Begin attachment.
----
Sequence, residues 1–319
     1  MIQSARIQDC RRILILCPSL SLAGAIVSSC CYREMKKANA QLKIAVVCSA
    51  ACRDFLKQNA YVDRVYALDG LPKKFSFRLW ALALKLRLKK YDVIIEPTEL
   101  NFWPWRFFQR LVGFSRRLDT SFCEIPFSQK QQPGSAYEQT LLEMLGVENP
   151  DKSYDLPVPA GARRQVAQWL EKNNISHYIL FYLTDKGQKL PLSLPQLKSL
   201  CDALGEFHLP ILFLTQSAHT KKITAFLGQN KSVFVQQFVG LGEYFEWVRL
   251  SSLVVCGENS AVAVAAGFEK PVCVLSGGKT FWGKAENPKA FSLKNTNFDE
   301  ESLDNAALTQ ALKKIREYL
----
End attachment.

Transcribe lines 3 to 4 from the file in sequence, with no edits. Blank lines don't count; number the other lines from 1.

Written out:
    51  ACRDFLKQNA YVDRVYALDG LPKKFSFRLW ALALKLRLKK YDVIIEPTEL
   101  NFWPWRFFQR LVGFSRRLDT SFCEIPFSQK QQPGSAYEQT LLEMLGVENP